President Obama is in a dilemma from which there appears to be no easy or early escape.
Democrats are the Party of Government. They feed it, and it feeds them. The larger government grows, the more agencies that are created, the more bureaucrats who are hired, the more people who become beneficiaries, the more deeply entrenched in power the Party of Government becomes.
At the local, state and federal level, there are 19 million to 20 million government employees. And if one takes only Social Security, Medicare, Medicaid, food stamps and earned income tax credits, we are talking of scores of millions who depend on government checks for the necessities of their daily life.
These vast armies of voters -- these tens of millions of government employees and scores of millions of government beneficiaries -- are the big battalions of the Party of Government. They provide implacable resistance to any party that pledges to cut or curtail government. For they are fighting for their livelihood. And here is where Obama's dilemma arises.
The progressives thought that with the takeover of both houses of Congress by veto-proof Democratic majorities, and the election of the most progressive of the candidates in the Democratic primaries save Dennis Kucinich, a new Progressive Era was at hand.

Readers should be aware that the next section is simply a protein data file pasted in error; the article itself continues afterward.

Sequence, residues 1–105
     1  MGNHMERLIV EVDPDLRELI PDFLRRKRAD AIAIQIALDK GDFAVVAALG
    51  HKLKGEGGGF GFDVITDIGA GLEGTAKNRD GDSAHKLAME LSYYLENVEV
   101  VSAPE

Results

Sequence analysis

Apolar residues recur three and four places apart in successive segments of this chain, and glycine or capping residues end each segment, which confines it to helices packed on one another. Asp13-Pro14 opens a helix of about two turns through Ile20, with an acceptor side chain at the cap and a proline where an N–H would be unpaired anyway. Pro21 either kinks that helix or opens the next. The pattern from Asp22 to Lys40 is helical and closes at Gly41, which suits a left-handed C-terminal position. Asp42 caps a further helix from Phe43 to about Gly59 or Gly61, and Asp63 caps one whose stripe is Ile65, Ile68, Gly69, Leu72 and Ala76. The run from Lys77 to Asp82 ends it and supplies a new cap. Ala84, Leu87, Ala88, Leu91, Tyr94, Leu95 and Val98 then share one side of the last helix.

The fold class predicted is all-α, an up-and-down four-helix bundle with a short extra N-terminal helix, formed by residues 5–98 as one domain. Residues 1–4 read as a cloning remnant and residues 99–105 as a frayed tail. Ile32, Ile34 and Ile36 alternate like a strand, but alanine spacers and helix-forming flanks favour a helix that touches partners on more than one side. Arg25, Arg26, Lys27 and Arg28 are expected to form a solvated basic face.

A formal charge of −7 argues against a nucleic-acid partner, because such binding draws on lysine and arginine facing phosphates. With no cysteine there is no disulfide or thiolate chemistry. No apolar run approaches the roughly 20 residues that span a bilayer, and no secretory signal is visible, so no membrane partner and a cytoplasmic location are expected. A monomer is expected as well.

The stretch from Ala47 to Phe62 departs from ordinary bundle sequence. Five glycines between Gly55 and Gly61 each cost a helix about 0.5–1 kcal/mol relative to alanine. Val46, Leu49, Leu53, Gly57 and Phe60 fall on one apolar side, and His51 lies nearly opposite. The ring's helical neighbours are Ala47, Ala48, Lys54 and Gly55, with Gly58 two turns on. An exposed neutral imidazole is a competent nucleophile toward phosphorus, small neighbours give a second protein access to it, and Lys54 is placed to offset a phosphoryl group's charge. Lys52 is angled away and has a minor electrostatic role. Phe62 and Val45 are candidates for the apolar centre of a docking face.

Another New Deal, another Great Society. And early passage of a stimulus package of $787 billion, nearly 6 percent of the entire economy packed into a single bill, seemed to confirm that happy days were here again.
But, at the same time, the federal takeover of AIG, General Motors and Chrysler and the bailouts of Fannie, Freddie and the Wall Street banks were igniting a Perot-style prairie fire that manifested itself in Tea Party rallies in the spring and town-hall protests in August.
Harry Reid and Nancy Pelosi denounced these folks as "evil-mongers" engaged in the "un-American" activity of shouting down Democrats -- though, when college radicals do it to conservatives, it is called "heckling" and the conservatives are instructed that they "just do not understand the First Amendment."
Came November, Republican victories in Virginia and New Jersey showed that the grass-roots rebellion was real and broad-based. This was confirmed by Scott Brown's astonishing upset in Massachusetts, where a state Obama won by 26 points went Republican by 6 points, with Brown capturing a Senate seat held by the Kennedy brothers since 1952. Talk about a fire bell in the night.